Answer: Culture alignment, known as the degree to which all decisions made by a company align to the company’s core values, can be a mediator between the two factors – especially as it has been found to be a driver of engagement and key ingredient within the workplace resilience models. However, during the onset of COVID-19 last year, we found that the percentage of leaders whose strategic decision-making was ‘very aligned’ to company values actually fell by one-fifth. This impacted cultural alignment, which in turn resulted in employees feeling less supported and engaged during the pandemic. As such, it is pertinent for companies to achieve the right balance between the two during similar times of uncertainty – and this can be done by targeting culture alignment on three fronts: championing recognition, leveraging employee voice, and supporting managers.
Firstly, as companies with a more frequent recognition rate are found to be 34 percent more likely to see an increase in employee engagement, leaders must ensure that recognition continues to be communicated even amidst remote working arrangements – and this can be done via incorporating digital avenues of recognition, such as employee engagement software, that reach employees regardless of their physical location. The next step for companies would be to act on employee feedback. We have seen a clear connection between regular feedback mechanisms and engagement, as our 2020 Culture Report found that employees whose organisations sought feedback more than four times a year experienced higher levels of employee engagement. Additionally, feedback mechanisms, be it pulse surveys or one-on-one check-ins, ensure employees feel heard and valued, which is essential during times of uncertainty when employees may feel isolated and stressed.
Finally, companies must be able to support their managers, as those who are not adequately supported may risk spreading their burnout and fatigue to the rest of the team. In terms of senior leadership, we found that C-suite and executives feel the most supported, with 46 percent of them have said so. Conversely, managers report feeling the least supported, with less than one in five agreeing they were very well supported. Given that feeling supported correlates with engagement and confidence, supporting managers in times of uncertainty should be considered business-critical for all.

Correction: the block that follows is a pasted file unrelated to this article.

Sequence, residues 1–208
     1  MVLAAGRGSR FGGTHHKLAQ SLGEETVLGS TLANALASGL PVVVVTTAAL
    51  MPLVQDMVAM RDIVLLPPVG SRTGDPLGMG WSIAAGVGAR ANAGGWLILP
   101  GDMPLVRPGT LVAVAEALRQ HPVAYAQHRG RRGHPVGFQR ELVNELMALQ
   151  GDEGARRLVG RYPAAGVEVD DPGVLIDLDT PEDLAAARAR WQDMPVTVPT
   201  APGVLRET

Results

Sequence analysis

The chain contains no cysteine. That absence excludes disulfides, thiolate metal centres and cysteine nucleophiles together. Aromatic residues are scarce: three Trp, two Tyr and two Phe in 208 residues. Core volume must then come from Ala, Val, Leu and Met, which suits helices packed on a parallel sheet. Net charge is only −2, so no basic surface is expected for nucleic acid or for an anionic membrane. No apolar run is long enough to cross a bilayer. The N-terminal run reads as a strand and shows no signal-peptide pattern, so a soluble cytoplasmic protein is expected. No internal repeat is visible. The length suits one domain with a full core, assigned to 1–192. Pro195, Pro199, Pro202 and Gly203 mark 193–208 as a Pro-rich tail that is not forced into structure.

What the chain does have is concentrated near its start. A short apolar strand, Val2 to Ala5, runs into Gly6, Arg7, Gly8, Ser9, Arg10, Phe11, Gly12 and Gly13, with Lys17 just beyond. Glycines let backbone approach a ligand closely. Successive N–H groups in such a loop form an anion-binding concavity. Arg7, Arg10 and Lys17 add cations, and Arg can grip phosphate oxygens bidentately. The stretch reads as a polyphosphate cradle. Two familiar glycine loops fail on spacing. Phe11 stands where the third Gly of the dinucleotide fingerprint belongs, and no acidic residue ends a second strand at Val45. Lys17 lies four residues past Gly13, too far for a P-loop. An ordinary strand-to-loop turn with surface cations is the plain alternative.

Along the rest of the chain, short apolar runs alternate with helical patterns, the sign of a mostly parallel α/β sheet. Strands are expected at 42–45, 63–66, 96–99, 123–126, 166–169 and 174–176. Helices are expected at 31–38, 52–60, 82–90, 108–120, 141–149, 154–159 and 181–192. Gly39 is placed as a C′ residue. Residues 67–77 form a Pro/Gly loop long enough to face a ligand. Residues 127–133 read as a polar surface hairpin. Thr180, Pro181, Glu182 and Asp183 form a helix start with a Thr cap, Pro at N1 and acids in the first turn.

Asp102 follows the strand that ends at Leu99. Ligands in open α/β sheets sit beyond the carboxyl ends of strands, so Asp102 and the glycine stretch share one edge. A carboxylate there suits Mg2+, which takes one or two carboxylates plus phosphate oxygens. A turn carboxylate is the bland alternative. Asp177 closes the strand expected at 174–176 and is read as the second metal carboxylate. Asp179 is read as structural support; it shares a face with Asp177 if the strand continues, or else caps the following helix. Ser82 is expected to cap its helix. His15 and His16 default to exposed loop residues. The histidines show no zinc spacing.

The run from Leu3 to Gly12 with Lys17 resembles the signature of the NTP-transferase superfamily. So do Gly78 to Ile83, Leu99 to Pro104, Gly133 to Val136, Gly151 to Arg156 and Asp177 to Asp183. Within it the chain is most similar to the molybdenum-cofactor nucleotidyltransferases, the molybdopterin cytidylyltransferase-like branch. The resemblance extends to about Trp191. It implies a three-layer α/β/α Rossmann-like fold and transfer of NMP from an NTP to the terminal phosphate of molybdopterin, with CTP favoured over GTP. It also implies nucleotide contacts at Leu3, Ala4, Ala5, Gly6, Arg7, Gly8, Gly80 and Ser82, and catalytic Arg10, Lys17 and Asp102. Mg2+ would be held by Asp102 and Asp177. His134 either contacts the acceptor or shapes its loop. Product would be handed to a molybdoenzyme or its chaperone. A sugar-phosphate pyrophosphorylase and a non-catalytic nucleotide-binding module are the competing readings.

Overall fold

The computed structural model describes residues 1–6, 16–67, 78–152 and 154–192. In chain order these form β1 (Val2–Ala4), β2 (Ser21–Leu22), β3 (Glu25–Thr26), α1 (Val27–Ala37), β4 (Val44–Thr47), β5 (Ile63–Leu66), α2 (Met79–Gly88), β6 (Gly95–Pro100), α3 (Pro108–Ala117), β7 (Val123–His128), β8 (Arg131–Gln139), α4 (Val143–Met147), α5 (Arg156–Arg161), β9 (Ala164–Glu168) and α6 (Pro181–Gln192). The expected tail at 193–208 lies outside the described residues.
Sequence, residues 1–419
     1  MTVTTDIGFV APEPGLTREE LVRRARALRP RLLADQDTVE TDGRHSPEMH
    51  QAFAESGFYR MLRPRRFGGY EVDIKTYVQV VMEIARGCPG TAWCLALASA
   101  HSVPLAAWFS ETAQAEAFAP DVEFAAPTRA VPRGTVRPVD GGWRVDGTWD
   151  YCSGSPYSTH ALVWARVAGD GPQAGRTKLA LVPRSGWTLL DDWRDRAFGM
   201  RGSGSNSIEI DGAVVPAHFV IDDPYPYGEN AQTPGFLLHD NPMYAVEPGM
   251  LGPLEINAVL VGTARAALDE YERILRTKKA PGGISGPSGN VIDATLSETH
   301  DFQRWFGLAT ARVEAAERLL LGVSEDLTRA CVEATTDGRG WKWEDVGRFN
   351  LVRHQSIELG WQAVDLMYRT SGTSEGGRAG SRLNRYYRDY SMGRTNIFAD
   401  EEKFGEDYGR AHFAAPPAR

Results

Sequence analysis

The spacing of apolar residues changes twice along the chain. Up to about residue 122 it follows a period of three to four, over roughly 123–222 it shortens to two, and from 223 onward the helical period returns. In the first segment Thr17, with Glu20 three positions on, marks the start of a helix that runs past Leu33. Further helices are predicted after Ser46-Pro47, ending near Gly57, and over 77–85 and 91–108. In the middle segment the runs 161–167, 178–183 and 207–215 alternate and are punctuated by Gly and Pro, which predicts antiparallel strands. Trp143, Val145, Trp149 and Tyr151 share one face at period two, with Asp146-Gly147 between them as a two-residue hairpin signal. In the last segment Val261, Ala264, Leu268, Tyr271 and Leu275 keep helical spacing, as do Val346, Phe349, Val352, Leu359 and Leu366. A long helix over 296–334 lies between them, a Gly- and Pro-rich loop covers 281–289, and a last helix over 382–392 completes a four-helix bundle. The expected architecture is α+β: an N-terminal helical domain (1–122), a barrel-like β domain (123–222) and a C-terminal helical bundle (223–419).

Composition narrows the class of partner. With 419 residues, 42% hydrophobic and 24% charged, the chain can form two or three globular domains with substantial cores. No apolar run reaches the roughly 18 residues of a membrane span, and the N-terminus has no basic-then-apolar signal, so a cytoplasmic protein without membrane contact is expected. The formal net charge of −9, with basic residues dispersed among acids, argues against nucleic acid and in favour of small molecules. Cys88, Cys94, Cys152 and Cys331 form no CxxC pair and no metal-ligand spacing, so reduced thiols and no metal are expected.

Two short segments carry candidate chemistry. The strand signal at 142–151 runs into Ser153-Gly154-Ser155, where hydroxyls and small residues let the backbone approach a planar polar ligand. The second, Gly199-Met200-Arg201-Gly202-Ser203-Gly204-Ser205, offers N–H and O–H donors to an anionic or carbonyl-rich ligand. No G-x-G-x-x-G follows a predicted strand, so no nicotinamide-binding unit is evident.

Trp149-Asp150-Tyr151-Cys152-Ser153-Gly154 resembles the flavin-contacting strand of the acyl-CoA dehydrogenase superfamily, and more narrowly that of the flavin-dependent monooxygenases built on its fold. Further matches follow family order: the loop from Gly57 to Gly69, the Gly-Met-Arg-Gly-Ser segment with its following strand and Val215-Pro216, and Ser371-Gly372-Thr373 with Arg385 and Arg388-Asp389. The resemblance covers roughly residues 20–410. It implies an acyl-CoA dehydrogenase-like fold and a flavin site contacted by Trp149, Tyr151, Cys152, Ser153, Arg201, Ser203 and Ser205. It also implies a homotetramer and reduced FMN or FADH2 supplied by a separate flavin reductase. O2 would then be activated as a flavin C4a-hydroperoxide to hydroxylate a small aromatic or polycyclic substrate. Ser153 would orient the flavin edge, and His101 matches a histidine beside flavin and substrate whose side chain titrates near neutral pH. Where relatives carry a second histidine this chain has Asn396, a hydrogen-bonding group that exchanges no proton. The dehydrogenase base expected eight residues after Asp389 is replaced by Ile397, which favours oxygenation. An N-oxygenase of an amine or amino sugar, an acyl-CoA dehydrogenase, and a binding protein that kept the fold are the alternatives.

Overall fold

Question: Based on your experience as a workforce scientist, what are the factors that can fuel a resilient workforce?
Answer: A resilient workforce is not defined by having a large number of resilient employees, but one that maintains strategies, structures and processes that ensure it can thrive in the face of any challenge. To fuel a resilient workforce, the three key factors to consider would be culture alignment, continuous conversation, and active engagement.
Firstly, culture alignment is one of the most powerful factors underlying workplace resilience. Research has shown that what your company’s specific values are is less important than how well your company aligns to that small set of core values that sit at the heart of your company. During challenging moments, culture alignment creates clarity and direction, and ensures that the organisation pulls through the crisis together with the same values in mind. The next factor, continuous conversation, requires leaders to communicate and listen to employees in an ongoing cycle. This can be done via one-to-one check-ins or employee feedback platforms – the more channels employees have to share their feedback, the more valuable insights the company would be able to gain. Finally, companies should close the loop by communicating back to employees on what they have heard and how they are acting on the feedback. Such transparency will help boost employee confidence and morale.